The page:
Five Reasons You have to Try Surinamese Cuisine

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Ready for your next culinary adventure? We’re taking you to South America to explore Suriname, a small yet diverse country on the continent’s northeastern coast, and the birthplace of our very own Home Chef Julia.

So, what makes Surinamese cuisine one of a kind?

  1. The cuisine reflects the country’s rich multicultural background.

While the largest ethnic group in Suriname is East Indian – this includes people from India, Indonesia, and Nepal – the largest group of people is the Afro-Surinamese, including Creoles and Marons

.European immigrants (mainly Dutch, English, French, and Spanish), as well as Chinese immigrants, brought with them their own traditional recipes that over time fused with those of Suriname’s indigenous people, the Arawak and the Carib. Smaller immigrant groups in Suriname include the Portuguese and the Lebanese.

  1. Suriname’s wet, tropical climate gives way to incredible produce.

Despite the country’s relatively small size, it contains vast rainforests. This gives way to the abundant growth of unique root veggies, like yuca and yautia (taro) root (referred to as tayer in Suriname).

When expecting guests, Suriname natives commonly prepare Pom (full name Pomtajer), a tayer-based baked dish that also includes chicken and citrus. First introduced to the Creole people of Suriname by Portuguese Jews, Pom has a uniquely Creole-Jewish origin. Because the Portuguese potato, Pomme De Terre, is not native to Suriname, the Surinamese substitute it with Tayer.

Hungry for more? Get ready to indulge in coconut- and vanilla-infused desserts. Boyo is a sweet cake flavored with coconut and cassava (yuca), while Maizena Koek is cornstarch-based cookies flavored with vanilla. The Surinamese dessert table also includes Fiadu, a cake filled with raisins, currants, almonds, and succade (candied citrus peel).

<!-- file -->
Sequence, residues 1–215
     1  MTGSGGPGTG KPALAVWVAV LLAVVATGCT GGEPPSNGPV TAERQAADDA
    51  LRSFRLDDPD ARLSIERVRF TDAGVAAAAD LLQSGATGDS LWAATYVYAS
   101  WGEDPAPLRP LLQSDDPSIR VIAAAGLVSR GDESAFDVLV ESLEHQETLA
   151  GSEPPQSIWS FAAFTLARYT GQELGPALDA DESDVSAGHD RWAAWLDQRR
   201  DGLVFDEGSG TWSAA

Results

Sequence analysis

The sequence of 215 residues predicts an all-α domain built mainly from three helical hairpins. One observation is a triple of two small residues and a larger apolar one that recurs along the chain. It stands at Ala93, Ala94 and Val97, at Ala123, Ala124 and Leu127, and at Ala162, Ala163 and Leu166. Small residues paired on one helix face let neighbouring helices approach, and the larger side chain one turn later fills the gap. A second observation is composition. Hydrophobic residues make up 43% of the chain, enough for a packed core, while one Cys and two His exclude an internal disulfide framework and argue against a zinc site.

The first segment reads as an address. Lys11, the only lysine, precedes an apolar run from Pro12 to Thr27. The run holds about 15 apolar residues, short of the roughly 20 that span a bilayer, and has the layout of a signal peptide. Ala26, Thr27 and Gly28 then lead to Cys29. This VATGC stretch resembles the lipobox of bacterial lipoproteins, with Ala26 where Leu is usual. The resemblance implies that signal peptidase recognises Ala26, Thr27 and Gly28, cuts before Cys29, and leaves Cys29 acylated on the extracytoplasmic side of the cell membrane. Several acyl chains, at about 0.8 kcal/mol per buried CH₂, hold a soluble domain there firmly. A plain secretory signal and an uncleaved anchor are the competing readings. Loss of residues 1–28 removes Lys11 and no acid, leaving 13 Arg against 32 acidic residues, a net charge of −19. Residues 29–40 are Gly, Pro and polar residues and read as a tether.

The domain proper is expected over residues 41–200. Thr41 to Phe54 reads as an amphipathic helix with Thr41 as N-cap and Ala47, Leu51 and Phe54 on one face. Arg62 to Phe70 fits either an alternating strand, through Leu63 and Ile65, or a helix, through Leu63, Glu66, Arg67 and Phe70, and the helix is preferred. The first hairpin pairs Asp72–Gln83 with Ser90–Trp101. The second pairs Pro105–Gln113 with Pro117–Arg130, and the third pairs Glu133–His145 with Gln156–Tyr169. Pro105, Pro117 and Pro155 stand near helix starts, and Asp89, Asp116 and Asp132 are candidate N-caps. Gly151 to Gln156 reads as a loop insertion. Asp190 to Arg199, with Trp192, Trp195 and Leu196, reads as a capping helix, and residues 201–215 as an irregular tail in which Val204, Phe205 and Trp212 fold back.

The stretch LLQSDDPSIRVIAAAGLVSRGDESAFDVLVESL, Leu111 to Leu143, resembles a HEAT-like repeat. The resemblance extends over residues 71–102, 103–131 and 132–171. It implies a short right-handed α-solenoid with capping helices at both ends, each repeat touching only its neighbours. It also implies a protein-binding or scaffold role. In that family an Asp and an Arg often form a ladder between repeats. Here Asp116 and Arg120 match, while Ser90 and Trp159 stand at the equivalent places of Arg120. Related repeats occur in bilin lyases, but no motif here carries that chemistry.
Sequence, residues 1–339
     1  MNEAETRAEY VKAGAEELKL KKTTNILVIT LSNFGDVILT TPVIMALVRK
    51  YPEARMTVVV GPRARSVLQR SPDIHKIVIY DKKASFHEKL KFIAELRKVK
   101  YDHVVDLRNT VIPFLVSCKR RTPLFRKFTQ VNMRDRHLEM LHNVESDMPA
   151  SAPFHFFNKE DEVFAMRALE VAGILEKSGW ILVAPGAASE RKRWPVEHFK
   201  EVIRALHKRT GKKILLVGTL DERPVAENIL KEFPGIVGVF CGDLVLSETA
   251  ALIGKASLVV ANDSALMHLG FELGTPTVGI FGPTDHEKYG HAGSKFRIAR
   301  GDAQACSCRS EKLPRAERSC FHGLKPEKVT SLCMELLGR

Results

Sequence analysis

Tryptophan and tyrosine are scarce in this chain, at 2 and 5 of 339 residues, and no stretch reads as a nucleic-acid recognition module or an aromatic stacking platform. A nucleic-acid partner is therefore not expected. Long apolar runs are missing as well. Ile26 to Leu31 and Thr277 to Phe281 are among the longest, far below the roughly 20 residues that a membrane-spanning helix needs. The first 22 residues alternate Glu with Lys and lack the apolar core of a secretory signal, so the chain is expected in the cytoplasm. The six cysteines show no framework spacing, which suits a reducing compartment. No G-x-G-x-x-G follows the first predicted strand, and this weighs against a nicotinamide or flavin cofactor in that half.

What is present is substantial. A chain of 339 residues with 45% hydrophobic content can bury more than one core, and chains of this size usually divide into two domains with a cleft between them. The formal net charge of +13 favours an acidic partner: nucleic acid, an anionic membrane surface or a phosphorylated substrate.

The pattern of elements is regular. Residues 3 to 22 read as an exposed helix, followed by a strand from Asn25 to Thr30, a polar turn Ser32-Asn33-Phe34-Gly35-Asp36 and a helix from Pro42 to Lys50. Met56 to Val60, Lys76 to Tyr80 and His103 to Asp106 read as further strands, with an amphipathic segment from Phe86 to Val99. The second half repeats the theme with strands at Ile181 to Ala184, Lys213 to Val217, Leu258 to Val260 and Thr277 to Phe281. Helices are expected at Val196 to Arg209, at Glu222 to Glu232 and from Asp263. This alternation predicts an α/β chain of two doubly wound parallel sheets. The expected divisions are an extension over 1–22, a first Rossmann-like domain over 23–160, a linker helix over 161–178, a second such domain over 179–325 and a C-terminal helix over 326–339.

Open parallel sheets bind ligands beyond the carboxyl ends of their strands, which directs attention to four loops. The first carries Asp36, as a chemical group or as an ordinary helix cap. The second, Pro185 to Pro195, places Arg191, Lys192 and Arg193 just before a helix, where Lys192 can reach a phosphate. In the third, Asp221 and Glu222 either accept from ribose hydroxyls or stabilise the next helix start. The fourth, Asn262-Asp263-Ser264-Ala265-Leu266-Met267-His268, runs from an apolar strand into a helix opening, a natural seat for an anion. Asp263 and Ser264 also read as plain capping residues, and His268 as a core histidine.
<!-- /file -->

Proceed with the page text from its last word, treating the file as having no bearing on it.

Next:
1. Basic ingredients get a fresh twist.

Tired of rice, bread, beans, chicken, and root veggies? Consider a trip to Suriname (or your nearest Surinamese restaurant). Suriname natives spice up cassava, eggplant, okra, yardlong beans, and pantry staples with Madame Jeanette Peppers, a type of chili. 

 Rice is mixed with salted meat, fish, or shrimp (a dish known as Moksi-Alesi); alternatively, it is served alongside peanut soup, battered fried plantain, bara, and traditional Indonesian (Javanese) Nasi Goreng and Mie Goreng.

Moski Meti, which literally translates to “meat mix”, is a Chinese-Surinamese fusion dish served with rice, stir fry noodles, or bread, and veggies.

  1. Roti is the country’s bread of choice (and it’s served with nearly everything)

Whether you are digging into traditional Indian chicken masala or a modern fusion dish, you will likely find roti accompanying it.

  1. There are just as many vegetarian dishes as there are meat dishes

Due to its large Indian influence, there is an abundance of rich and comforting vegetarian dishes that – dare we say – put some meat-centric dishes to shame. Indonesian Nasi Goreng (fried rice) and Bami (stir fry noodles) can both be prepared vegetarian- or carnivore-friendly.

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